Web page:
When you live in California like I do, green vegetables are a fact of life, from the common California salad bar to coastal kale recipes to wheatgrass shots. That suits me fine, but bitter greens aren’t for everyone. Turns out a taste for greens may be in our genes, according to a study in the journal Pediatrics.
Sure, we know veggies are good for us–they defend against cancer, heart disease, and a host of other ills. But around 75 percent of people say broccoli and spinach just don’t pass their taste bud test. Now they can blame heredity.
Researchers from the Monell Chemical Senses Center in Philadelphia, PA looked at how genetic variants of a newly discovered taste gene might explain our differences in taste. Some people are sensitive to the bitter taste of propylthiouracil (PROP). One group in the study couldn’t taste PROP at all, a second group tasted the bitter flavor in moderate amounts, and a third group detected a strong bitter taste even from the tiniest amount given.
Mothers and children in the study didn’t always fall into the same group. Only 43 percent of the mothers but 64 percent of the children were sensitive to the lowest concentrations of PROP. That’s good news, the researchers speculate: it shows that veggie haters may outgrow their sensitivity to bitter flavors over time.
Sweets or Greens
Not surprisingly, bitter-sensitive children preferred sweet foods to yucky bitter foods like Brussels sprouts. In fact, they said they usually ate more sweets than other children. They were also more likely to pass on milk and water in favor of sweet carbonated beverages. Some adults balked at bitter foods as well, but they didn’t make up for it with a sweet tooth. Adults’ taste preferences were more likely to be influenced by cultural forces, which might explain why bitter foods taste better tucked inside favorite family recipes.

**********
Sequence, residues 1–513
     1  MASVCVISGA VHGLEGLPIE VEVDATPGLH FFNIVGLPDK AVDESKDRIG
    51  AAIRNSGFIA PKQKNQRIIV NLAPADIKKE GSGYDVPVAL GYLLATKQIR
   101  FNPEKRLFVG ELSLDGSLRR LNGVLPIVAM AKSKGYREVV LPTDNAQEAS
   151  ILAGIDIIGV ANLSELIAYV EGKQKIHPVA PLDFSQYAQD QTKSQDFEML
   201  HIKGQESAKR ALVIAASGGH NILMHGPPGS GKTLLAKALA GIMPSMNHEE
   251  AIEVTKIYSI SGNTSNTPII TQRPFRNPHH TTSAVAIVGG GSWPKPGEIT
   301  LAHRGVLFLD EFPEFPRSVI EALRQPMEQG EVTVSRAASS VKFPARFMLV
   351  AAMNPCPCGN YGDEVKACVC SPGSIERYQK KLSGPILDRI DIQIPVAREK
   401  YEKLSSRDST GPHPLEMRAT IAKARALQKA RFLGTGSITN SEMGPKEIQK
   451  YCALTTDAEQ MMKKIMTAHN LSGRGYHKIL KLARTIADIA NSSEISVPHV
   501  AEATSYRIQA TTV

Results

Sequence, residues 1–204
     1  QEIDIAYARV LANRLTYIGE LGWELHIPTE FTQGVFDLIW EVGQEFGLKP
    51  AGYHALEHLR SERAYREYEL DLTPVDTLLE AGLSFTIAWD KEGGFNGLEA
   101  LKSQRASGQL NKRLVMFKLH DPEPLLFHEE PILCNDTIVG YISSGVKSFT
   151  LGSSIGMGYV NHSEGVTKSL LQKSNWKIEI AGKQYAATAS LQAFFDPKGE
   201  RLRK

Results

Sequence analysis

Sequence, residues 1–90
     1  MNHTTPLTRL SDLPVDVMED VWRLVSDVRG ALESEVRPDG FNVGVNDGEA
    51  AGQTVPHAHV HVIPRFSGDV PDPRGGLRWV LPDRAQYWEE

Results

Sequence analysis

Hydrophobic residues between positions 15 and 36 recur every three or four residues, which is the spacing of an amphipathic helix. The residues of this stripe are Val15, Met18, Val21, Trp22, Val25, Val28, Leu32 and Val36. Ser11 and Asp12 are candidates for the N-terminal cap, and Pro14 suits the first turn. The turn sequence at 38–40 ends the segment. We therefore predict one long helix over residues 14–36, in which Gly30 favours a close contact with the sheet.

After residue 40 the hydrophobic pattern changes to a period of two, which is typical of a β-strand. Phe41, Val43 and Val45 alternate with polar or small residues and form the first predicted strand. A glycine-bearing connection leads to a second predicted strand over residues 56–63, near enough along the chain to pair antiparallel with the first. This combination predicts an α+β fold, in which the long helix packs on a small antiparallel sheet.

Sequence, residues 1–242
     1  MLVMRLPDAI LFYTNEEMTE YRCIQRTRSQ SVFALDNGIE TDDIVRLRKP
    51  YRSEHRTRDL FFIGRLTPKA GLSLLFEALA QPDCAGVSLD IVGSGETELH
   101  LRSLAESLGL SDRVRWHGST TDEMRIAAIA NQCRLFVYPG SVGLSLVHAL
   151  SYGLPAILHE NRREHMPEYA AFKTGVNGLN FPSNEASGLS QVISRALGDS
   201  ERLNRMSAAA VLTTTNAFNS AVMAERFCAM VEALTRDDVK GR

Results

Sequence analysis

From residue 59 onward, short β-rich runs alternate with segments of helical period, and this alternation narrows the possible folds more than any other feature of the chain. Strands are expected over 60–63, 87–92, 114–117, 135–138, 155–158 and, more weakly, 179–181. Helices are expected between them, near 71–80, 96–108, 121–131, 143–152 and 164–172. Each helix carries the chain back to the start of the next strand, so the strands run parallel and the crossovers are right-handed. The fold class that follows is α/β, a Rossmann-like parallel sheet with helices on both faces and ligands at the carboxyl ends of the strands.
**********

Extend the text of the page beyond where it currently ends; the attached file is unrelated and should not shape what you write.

One way the 70 percent of people who hate bitter vegetables can meet their vitamin and mineral requirements is by eating extra servings of fruit. Sprinkle berries over breakfast cereals or snack on apples and oranges. Add papaya or pineapple in place of vegetables at mealtime and feast on chocolate-covered strawberries and honeyed bananas for dessert.
But to reap the full benefit of the hundreds of phytochemicals found only in vegetables, here’s how to make bitter foods better:
- Stir fry broccoli, snow peas, carrots, and green beans Asian style with noodles, nuts and savory sauces. Lightly cooking vegetables can dull the bite.
- Grate, mince, or puree carrots, zucchini, and spinach into pasta sauces, soups, and quiches. The better you blend them, the less you’ll recognize them.
- Add something salty like soy sauce or Parmesan cheese to block the bitterness and bring out other flavors.
- Sweeten winter squashes, carrots, and other root vegetables with honey, syrup, brown sugar, or marmalade.
- Neutralize the taste of bitter salad greens with a little olive oil or avocado. Some bitter compounds literally dissolve when mixed with fats.
- Sprinkle raw veggies with lemon juice or balsamic vinegar.
When none of the above tips help, make sure you’re still getting your essential minerals, even if that means grabbing a nutrition bar, smoothie, or another fortified food.
Looking for a new greens recipe?
- A Girl and Her Greens: Hearty Meals from the Garden, by April Bloomfield and Goode, JJ, EdD
- Green Kitchen Travels: Healthy Vegetarian Food Inspired by Our Adventures, by David Frenkiel and Luise Vindahl
- Greens 24/7, by Jessica Nadel
- The Best Green Smoothies on the Planet, by Tracy Russell